Highlight of the month

The Palestinian Museum Digital Archive

The Muhammad Fahd Hammoudeh Collection


The Palestinian Museum Digital Archive has been, from the outset, responsible for retrieving historical realities and representing the marginalized beyond the social dominance theory, traditional knowledge structures, and metanarratives. All by reexamining the relations of power and control, the system of values ​​and perceptions, the networks of social relations and the interaction between the different groups of society and through allowing the “ordinary” people to contribute to the production and formulation of narratives about Palestine, its culture and society through lived experiences, models of daily life, customs, traditions and self-patterns of behavior- also known as history from below.

Since this approach allows the study of the biographies, events, places and interactions of individuals and groups from the point of view of those whose behavior is not followed by researchers and scholars, and do not have the freedom to define their daily lifestyle and the distinctive and different history of their societies, this blog sheds light on an archival material that includes a report written by Muhammad Fahd Hammoudeh, born in 1927 in the village of Lifta in Jerusalem. In his report, Hammoudeh referenced many features of the social history of the Dayr Dibwan village in Ramallah and their patterns of behavior, all after he returned to the town as an immigrant, where he continued to write until he fell ill and stopped his work on the report until his death in 1980.

Handwritten between the late 1950s and early 1960s, this report follows the financial and social habits and norms of the Dayr Dibwan citizens and their professions during the period of documentation, in addition to their activities and lifestyle in the country side. The report also follows their traditional clothing, such as the Qumbaz, Kufiya and Agal for men and embroidered silk thobes for women. On the other hand, the report examines the new generation where men started wearing suits; and following the close geographical distance to the city of Ramallah, ease of transportation and the widespread of education among girls, the report states that women started wearing dresses and modern garments. As for agriculture, poor families depended on olive trees in their livelihoods along with other kinds of seeds while others survived on bread made with pure wheat and olive oil; baked in the Taboon or ovens, before food varied due to the development of the village.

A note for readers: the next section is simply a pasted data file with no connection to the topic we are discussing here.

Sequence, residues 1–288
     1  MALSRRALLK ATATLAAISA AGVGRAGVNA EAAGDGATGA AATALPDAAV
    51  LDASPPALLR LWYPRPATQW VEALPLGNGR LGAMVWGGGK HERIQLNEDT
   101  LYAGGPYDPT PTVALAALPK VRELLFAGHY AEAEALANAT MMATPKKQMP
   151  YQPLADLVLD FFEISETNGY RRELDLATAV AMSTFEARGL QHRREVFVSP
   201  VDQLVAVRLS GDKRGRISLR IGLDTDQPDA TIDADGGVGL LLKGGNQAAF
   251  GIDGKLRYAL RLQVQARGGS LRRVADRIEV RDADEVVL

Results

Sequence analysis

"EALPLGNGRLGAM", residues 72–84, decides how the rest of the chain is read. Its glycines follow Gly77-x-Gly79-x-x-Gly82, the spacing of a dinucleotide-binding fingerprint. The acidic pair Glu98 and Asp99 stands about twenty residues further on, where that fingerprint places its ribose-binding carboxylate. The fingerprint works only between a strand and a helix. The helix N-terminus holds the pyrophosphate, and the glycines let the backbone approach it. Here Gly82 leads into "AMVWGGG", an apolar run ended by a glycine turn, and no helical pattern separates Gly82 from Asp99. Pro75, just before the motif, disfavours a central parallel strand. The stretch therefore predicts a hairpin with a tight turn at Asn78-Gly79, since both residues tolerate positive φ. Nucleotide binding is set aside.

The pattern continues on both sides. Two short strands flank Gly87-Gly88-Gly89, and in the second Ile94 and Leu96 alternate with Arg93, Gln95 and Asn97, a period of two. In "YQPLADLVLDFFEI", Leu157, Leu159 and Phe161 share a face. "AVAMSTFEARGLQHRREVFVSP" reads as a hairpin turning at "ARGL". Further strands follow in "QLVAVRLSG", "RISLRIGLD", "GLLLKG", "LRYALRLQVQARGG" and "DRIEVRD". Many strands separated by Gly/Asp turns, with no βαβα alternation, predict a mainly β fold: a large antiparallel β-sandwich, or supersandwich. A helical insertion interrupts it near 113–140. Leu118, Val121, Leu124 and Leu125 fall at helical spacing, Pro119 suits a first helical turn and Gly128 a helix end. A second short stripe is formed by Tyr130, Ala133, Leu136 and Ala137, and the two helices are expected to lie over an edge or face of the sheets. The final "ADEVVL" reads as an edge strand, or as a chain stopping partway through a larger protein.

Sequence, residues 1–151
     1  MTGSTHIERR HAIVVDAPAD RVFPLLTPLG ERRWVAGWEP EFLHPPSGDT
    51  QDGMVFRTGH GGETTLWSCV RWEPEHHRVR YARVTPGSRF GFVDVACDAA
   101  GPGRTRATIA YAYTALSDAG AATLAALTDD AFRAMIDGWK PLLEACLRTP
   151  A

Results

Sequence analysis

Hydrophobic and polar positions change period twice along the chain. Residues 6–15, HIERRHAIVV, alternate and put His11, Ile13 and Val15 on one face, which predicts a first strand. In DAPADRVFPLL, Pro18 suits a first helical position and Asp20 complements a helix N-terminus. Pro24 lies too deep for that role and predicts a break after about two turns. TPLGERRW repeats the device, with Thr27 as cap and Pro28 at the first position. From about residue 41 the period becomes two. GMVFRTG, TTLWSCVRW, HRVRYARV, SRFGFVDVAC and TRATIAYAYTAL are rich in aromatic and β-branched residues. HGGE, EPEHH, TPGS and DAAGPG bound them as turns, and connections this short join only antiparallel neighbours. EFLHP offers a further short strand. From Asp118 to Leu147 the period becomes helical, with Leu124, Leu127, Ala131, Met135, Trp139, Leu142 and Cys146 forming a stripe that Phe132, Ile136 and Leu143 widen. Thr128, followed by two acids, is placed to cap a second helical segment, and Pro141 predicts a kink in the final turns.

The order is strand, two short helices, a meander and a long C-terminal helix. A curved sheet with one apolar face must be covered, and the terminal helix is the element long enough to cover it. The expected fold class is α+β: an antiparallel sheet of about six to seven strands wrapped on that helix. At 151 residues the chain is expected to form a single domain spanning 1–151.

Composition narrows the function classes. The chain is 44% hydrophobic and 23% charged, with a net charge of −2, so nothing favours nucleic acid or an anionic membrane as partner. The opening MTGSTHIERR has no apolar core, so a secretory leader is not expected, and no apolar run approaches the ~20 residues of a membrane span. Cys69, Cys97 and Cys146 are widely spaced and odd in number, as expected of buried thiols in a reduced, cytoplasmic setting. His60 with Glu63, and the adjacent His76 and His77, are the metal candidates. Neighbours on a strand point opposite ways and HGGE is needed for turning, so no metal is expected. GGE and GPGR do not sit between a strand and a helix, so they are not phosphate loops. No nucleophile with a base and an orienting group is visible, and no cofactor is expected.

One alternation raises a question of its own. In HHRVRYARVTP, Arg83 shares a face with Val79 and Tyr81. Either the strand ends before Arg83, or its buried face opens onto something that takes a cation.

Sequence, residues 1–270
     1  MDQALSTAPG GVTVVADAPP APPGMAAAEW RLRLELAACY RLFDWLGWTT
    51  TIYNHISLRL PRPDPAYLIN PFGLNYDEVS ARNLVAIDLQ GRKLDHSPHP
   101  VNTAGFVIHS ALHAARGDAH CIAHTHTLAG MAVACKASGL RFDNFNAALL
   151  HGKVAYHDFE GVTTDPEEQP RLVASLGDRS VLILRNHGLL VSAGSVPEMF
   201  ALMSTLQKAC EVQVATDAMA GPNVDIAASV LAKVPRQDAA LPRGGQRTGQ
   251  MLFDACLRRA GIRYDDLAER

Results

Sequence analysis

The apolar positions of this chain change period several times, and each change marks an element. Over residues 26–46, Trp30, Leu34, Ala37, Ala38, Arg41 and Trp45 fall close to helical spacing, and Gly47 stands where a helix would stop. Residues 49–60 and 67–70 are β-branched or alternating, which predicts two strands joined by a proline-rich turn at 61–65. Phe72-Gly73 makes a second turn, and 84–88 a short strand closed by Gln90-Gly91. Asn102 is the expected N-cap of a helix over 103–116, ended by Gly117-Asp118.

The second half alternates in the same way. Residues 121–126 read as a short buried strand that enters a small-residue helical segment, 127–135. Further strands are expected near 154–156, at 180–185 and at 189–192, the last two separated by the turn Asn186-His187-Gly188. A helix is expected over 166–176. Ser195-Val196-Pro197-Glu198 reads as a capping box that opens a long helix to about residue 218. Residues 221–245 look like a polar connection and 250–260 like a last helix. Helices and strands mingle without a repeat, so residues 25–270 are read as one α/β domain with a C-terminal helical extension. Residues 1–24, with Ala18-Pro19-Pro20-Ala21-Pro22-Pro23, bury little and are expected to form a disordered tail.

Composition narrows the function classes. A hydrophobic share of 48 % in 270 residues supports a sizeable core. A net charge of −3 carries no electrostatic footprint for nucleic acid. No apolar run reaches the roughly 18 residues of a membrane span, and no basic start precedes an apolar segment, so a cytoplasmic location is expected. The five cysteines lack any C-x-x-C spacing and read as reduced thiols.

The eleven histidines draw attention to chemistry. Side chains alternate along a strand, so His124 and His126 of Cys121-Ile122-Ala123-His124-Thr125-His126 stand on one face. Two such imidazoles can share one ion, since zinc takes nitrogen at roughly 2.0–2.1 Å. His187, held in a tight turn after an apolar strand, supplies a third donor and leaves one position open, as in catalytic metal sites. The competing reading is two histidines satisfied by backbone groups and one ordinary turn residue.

Families of Dayr Dibwan naturally consisted of the father, mother and children, and either the father or the elder brother is considered the one responsible for fulfilling the duties of the family along with his wife. Women, on the other hand, were second to their husbands in responsibility besides their work in tidying and cleaning the house, and cooking. The report shows that relationships between families were based on blood before the relations of marriage and social integration. It also discusses marriage where most men were satisfied with one wife, but some would “have to” marry a second or a third for familial or infertility reasons. Moreover, the report mentions the habit of “exchange”, where a man would marry off his sister or female relative to a man, who in turn would do the same as a sort of marital exchange. Hammoudeh sees that this habit causes some of the worst issues in the village, where if one of the men had a dispute with his wife and sought a divorce, the second man would have to follow suit and divorce his wife even if they were on good terms.